Extreme weather from record highs to dangerous lows swept the continental United States for Valentine’s Day, as Bostonians battled frozen pipes and tornadoes damaged dozens of homes in the South.
Suspected tornadoes swept through the Florida Panhandle and Mississippi on Monday, storms spun off from the East Coast’s record-breaking freeze. No deaths or serious injuries were reported, although dozens of buildings were damaged or destroyed and thousands were left without power.
Neighbors in rural Florida used a chain saw to rescue one 94 year-old woman from her home in Century, Escambia County, where one of three suspected tornadoes struck on Presidents Day. Donald Pugh said that his neighbor had been trapped beneath a damaged metal door.
"It took us quite a while," Mr. Pugh told reporters. His neighbor did not appear to have serious injuries, but was taken to the hospital as a precaution.
Escambia County Sheriff's Deputy Mark Dewes, who witnessed the tornado from his patrol car, told local news station WDTN he had "never seen one form that big and that fast."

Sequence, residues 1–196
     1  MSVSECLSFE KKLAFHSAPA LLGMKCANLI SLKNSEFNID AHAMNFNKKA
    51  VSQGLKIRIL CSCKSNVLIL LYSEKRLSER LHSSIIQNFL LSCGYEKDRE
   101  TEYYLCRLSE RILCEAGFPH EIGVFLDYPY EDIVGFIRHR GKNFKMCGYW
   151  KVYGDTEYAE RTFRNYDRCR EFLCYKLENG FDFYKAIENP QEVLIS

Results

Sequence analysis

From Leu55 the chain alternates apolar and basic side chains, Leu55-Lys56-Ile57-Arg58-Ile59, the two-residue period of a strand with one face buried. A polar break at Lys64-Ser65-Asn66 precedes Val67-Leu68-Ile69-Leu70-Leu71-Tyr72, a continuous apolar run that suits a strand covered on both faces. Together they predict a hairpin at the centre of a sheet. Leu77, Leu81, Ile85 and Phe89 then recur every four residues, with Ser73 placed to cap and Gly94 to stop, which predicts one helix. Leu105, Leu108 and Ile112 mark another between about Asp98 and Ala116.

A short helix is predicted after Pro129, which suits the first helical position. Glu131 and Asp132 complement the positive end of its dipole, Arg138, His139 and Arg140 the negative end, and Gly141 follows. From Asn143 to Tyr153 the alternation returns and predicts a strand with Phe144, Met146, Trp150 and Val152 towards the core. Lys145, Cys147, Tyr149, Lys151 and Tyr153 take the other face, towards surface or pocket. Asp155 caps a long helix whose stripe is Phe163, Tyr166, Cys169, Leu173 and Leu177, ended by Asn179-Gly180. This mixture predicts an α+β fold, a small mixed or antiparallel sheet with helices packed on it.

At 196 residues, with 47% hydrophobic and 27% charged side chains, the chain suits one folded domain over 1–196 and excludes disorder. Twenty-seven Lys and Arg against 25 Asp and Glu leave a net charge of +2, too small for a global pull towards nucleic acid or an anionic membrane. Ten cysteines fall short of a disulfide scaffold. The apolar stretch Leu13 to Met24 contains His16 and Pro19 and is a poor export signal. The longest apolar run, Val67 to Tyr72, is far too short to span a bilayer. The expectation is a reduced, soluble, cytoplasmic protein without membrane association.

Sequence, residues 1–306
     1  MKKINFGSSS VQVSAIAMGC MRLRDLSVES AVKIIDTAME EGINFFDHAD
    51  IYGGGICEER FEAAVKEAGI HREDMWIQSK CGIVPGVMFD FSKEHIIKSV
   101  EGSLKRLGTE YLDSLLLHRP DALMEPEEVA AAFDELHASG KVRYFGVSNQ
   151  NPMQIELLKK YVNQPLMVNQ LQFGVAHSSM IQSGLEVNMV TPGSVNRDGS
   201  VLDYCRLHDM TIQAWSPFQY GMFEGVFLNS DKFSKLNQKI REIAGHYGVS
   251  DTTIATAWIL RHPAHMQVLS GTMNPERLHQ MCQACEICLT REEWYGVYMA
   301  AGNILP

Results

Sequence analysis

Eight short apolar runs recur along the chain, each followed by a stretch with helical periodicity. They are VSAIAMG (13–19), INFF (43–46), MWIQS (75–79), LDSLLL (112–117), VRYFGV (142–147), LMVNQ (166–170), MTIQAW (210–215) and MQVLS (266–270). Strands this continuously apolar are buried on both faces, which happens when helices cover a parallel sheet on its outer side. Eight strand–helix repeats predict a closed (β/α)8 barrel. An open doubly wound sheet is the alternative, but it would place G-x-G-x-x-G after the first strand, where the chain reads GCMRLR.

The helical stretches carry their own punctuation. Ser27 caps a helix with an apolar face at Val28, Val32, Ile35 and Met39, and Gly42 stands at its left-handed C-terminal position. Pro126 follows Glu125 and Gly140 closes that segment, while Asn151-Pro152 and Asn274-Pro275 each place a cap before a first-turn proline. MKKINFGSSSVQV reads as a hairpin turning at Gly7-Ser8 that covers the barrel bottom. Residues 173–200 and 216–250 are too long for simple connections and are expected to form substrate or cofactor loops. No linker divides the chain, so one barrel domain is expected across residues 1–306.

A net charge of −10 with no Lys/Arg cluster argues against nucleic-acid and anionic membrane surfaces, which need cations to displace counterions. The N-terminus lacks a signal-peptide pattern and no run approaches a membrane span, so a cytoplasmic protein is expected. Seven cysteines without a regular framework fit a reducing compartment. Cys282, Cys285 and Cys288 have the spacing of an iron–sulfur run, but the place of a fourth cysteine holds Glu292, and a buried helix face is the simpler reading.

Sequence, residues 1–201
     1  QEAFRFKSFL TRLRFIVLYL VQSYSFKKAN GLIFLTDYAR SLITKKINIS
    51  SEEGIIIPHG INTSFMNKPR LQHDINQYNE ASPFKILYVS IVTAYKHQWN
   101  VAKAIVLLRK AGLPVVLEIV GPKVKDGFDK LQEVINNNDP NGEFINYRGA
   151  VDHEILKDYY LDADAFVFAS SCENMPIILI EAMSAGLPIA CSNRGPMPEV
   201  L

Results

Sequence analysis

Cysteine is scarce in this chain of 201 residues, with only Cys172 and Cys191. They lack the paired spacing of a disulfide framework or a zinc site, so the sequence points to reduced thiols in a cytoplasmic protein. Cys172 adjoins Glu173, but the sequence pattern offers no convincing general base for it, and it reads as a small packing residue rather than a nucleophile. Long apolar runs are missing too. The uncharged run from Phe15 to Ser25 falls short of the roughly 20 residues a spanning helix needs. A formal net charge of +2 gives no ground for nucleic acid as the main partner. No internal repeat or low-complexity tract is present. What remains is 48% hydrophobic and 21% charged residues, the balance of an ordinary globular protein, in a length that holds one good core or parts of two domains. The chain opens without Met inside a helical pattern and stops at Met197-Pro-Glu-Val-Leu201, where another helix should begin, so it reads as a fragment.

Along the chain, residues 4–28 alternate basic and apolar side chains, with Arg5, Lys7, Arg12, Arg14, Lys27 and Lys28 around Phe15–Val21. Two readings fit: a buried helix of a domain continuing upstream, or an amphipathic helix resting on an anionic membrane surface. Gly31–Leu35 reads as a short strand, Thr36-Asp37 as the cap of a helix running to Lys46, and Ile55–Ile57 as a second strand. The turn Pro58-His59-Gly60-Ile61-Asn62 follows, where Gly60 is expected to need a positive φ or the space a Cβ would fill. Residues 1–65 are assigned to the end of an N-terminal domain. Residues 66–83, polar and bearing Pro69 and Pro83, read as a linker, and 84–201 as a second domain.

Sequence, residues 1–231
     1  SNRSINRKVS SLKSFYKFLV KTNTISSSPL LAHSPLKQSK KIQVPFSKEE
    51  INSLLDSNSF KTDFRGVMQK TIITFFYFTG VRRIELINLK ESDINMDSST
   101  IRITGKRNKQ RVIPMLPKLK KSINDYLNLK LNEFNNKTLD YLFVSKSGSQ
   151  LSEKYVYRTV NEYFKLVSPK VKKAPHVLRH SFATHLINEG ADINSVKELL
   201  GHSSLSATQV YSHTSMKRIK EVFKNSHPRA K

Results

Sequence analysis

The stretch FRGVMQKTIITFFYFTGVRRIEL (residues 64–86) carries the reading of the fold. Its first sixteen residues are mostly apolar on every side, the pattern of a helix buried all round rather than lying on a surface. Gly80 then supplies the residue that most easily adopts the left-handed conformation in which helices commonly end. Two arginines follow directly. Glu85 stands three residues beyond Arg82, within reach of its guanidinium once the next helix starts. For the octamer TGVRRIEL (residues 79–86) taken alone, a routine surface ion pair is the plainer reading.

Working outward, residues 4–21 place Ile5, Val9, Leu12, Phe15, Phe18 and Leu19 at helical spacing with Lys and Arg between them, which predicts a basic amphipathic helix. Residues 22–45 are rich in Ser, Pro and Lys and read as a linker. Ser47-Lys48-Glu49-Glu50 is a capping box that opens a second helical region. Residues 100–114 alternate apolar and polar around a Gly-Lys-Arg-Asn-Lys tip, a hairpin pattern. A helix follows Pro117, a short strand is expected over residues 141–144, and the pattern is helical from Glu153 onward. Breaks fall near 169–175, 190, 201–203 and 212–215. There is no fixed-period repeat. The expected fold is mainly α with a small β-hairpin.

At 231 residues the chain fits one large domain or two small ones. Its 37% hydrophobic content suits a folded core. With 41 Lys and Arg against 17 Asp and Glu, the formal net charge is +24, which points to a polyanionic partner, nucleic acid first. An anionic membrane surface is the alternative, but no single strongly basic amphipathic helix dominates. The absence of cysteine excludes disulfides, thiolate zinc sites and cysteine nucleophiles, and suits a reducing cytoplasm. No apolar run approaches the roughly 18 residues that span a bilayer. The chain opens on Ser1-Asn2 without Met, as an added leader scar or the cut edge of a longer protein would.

Another suspected tornado that passed through 19 counties struck a school in Wesson, Miss., damaging two gyms and a library, although no children were injured.
In the Northeast, meanwhile, most celebrated Valentine’s Day indoors, as record-breaking lows swept the region. Temperatures slipped below zero in cities like New York and Boston, setting breaking decades-old records. In Boston, the -9 degree low shattered the previous cold record from 1934. With windchill, temps in nearby Worcester reached -44 degrees Fahrenheit.
But the cold weather broke overnight Monday night with snow quickly turning to sleet and rain by Tuesday morning. New Englanders did a double take as forecasters predicted temps in the high-40s to mid-50s by Tuesday afternoon. A high wind warning of up to 60 mph is in effect for eastern Massachusetts and Rhode Island until late Tuesday night.
Some 4 to 8 inches of snow were expected in eastern Ohio, western Pennsylvania, and western New York.
In the mid-Atlantic and Southeast, the winter weather brought dangerous driving conditions. Virginia State Police reported at least three traffic deaths, and encouraged drivers to stay home Tuesday morning.
In the Southwest, however, temps soared so high that Phoenix officials issued hot-weather warnings, reminding people to stay hydrated and not leave pets or children in cars. Record-breaking highs of 89 and 92 degrees were forecast for Tuesday and Wednesday, respectively. And 89-degree weekend weather in Los Angeles also broke a record, set in 1977.
This report contains material from the Associated Press.